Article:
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Home » Archives » October 2013 » Bill To Eliminate Traffic Ticket Exemptions For State Legislators

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10/31/2013: "Bill To Eliminate Traffic Ticket Exemptions For State Legislators"

ig_S_WSP_Car-001 (63k image)
(Rep. Dave Hayes webpage photo)

Rep. Dave Hayes believes state legislators should get a traffic ticket just like anyone else if they speed or break Washington’s traffic laws, regardless of whether the Legislature is in session. The 10th District lawmaker, who also works as a patrol sergeant with the Snohomish County Sheriff’s Office, has drafted a measure that would clarify the authority of law enforcement officers to issue tickets to state lawmakers during a legislative session.

“Elected officials who make the laws should not be excluded from the laws they make,” said Hayes, R-Camano Island. “If you’re a legislator who is speeding and gets stopped, the bill I am proposing says you would no longer be exempt from receiving a noncriminal traffic ticket.”

“This is a law that was written back when lawmakers traveled for days across the state to reach the Capitol, sometimes on horseback, and it was intended to prevent them from being obstructed from their participation in the Legislature. But that was more than a century ago, “ said Hayes, assistant ranking Republican on the House Public Safety Committee.

Although many lawmakers know about the free pass, it gained widespread public attention from a Sept. 15 article in The News Tribune, headlined, “Does state law forgive legislators’ speeding?”

The article reported that the Washington State Patrol (WSP) and some other law enforcement agencies -but not all- will not issue tickets for moving violations to Washington lawmakers during a legislative session, as well as 15 days before.

WSP cites a provision in Washington’s constitution, enacted in 1889, which reads: “Members of the Legislature shall be privileged from arrest in all cases except treason, felony and breach of the peace; they shall not be subject to any civil process during the session of the Legislature, nor for 15 days next before the commencement of each session.”

“In recent times, there’s been confusion as to how the law should be applied and whether simply being issued a noncriminal traffic ticket for an infraction should be considered ‘civil process.’ My bill says that the issuance of a traffic citation to a legislator is not civil process under the state constitution. That should help clarify that state lawmakers who violate traffic laws may receive a ticket.”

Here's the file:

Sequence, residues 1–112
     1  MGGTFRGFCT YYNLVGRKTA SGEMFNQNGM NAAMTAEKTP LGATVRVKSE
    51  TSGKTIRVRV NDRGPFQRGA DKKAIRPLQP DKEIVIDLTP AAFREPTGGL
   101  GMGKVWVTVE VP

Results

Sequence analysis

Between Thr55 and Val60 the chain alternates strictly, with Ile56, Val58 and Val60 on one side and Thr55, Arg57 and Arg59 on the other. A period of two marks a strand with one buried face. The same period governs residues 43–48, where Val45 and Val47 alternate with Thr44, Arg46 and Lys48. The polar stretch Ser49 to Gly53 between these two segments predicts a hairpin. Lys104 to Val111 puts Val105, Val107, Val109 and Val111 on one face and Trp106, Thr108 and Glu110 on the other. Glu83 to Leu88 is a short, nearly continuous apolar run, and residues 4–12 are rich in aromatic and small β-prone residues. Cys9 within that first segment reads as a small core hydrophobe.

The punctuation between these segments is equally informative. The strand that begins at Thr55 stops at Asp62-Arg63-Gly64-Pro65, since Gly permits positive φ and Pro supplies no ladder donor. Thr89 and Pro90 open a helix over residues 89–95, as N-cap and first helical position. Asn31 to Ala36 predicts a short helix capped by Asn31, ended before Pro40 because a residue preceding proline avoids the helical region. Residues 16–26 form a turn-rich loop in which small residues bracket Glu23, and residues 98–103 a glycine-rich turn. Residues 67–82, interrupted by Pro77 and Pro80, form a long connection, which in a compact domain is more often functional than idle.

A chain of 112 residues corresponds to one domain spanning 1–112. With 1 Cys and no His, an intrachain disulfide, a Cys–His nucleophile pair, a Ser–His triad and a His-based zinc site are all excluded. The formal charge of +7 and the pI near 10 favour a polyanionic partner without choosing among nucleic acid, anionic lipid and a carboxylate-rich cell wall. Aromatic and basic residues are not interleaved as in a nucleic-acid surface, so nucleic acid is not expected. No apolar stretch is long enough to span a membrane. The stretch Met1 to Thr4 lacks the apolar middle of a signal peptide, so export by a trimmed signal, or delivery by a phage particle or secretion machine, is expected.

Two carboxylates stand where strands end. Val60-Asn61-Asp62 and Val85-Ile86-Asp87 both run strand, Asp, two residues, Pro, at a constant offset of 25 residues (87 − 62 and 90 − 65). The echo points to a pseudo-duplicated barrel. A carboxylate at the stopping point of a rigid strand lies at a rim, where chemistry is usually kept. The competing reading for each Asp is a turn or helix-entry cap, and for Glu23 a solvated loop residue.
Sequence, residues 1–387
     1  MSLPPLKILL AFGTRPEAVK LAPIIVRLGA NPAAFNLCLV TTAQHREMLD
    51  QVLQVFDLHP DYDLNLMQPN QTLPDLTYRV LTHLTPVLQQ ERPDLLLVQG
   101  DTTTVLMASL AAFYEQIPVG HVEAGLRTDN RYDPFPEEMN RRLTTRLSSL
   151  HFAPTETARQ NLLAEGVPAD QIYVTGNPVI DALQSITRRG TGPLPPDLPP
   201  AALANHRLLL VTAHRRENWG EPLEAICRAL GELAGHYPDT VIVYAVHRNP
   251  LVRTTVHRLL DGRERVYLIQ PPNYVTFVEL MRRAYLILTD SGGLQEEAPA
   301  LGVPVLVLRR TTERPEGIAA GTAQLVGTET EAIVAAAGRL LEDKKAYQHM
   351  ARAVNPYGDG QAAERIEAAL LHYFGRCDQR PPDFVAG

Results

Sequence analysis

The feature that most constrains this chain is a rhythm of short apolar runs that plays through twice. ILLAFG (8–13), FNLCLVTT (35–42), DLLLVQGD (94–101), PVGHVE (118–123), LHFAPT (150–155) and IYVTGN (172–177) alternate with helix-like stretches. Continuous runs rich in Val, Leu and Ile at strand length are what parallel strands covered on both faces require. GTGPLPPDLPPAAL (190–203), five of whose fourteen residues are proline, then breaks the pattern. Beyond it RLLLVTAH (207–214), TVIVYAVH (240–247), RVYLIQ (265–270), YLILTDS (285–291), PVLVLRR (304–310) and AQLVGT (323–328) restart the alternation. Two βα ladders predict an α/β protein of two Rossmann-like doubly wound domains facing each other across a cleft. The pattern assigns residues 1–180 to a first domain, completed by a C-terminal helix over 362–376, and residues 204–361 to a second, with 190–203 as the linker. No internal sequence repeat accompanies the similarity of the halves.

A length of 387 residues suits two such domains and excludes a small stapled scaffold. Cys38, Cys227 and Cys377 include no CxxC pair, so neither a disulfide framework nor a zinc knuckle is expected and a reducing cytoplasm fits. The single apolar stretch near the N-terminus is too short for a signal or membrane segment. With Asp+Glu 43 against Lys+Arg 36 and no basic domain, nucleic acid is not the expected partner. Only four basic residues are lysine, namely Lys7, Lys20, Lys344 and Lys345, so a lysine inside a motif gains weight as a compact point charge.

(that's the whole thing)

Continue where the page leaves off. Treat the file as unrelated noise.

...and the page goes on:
Hayes noted that court appearances or other hearings related to disposition of a traffic citation received by a state legislator may not be scheduled during a legislative session. To change that section of the law, he said, would require a constitutional amendment with a two-thirds majority vote of the House and Senate and a simple majority of Washington’s voters.

“While some may see that as a perk, it was written into the state constitution to prevent political gamesmanship, such as compelling a court hearing against a lawmaker whose absence at just the right time would provide an advantage to one side during a vote,” added Hayes.

Hayes pointed out that “It’s important to note that legislators summoned to court cannot escape those hearings. It’s just that the hearings cannot be scheduled during a legislative session.”

The measure will be introduced during the pre-filing period which opens Dec. 2, six weeks prior to the next regular legislative session which begins Jan. 13, 2014.

“No one should be above the law. As state lawmakers, we should conduct ourselves in a lawful manner, just as we expect other citizens to do. And we should be held accountable, just like other citizens, when laws are broken. That’s what my bill would do,” said Hayes.

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